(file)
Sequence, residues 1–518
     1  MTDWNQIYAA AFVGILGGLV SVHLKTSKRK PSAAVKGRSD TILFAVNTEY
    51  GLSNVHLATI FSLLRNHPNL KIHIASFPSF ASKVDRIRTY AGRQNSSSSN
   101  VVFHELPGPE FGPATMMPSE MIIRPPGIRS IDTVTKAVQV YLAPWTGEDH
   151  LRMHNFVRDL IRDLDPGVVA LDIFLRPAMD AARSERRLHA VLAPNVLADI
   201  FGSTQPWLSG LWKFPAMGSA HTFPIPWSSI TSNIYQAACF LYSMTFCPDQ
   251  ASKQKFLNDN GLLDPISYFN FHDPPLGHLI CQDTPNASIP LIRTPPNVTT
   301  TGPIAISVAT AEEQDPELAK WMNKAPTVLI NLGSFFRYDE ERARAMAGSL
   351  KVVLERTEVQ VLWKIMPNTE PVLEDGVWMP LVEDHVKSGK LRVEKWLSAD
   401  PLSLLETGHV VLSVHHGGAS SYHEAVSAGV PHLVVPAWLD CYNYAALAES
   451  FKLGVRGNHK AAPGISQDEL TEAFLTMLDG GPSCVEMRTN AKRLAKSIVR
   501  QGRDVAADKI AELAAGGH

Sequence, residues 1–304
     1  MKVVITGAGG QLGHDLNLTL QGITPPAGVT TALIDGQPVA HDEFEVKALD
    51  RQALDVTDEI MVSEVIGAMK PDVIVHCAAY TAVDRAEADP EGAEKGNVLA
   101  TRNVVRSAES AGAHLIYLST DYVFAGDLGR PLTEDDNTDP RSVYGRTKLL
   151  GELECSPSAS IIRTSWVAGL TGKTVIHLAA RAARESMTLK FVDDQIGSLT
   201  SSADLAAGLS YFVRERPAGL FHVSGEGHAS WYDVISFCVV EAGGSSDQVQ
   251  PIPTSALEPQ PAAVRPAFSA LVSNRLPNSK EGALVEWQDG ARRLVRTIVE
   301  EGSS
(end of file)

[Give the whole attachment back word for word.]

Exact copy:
Sequence, residues 1–518
     1  MTDWNQIYAA AFVGILGGLV SVHLKTSKRK PSAAVKGRSD TILFAVNTEY
    51  GLSNVHLATI FSLLRNHPNL KIHIASFPSF ASKVDRIRTY AGRQNSSSSN
   101  VVFHELPGPE FGPATMMPSE MIIRPPGIRS IDTVTKAVQV YLAPWTGEDH
   151  LRMHNFVRDL IRDLDPGVVA LDIFLRPAMD AARSERRLHA VLAPNVLADI
   201  FGSTQPWLSG LWKFPAMGSA HTFPIPWSSI TSNIYQAACF LYSMTFCPDQ
   251  ASKQKFLNDN GLLDPISYFN FHDPPLGHLI CQDTPNASIP LIRTPPNVTT
   301  TGPIAISVAT AEEQDPELAK WMNKAPTVLI NLGSFFRYDE ERARAMAGSL
   351  KVVLERTEVQ VLWKIMPNTE PVLEDGVWMP LVEDHVKSGK LRVEKWLSAD
   401  PLSLLETGHV VLSVHHGGAS SYHEAVSAGV PHLVVPAWLD CYNYAALAES
   451  FKLGVRGNHK AAPGISQDEL TEAFLTMLDG GPSCVEMRTN AKRLAKSIVR
   501  QGRDVAADKI AELAAGGH

Sequence, residues 1–304
     1  MKVVITGAGG QLGHDLNLTL QGITPPAGVT TALIDGQPVA HDEFEVKALD
    51  RQALDVTDEI MVSEVIGAMK PDVIVHCAAY TAVDRAEADP EGAEKGNVLA
   101  TRNVVRSAES AGAHLIYLST DYVFAGDLGR PLTEDDNTDP RSVYGRTKLL
   151  GELECSPSAS IIRTSWVAGL TGKTVIHLAA RAARESMTLK FVDDQIGSLT
   201  SSADLAAGLS YFVRERPAGL FHVSGEGHAS WYDVISFCVV EAGGSSDQVQ
   251  PIPTSALEPQ PAAVRPAFSA LVSNRLPNSK EGALVEWQDG ARRLVRTIVE
   301  EGSS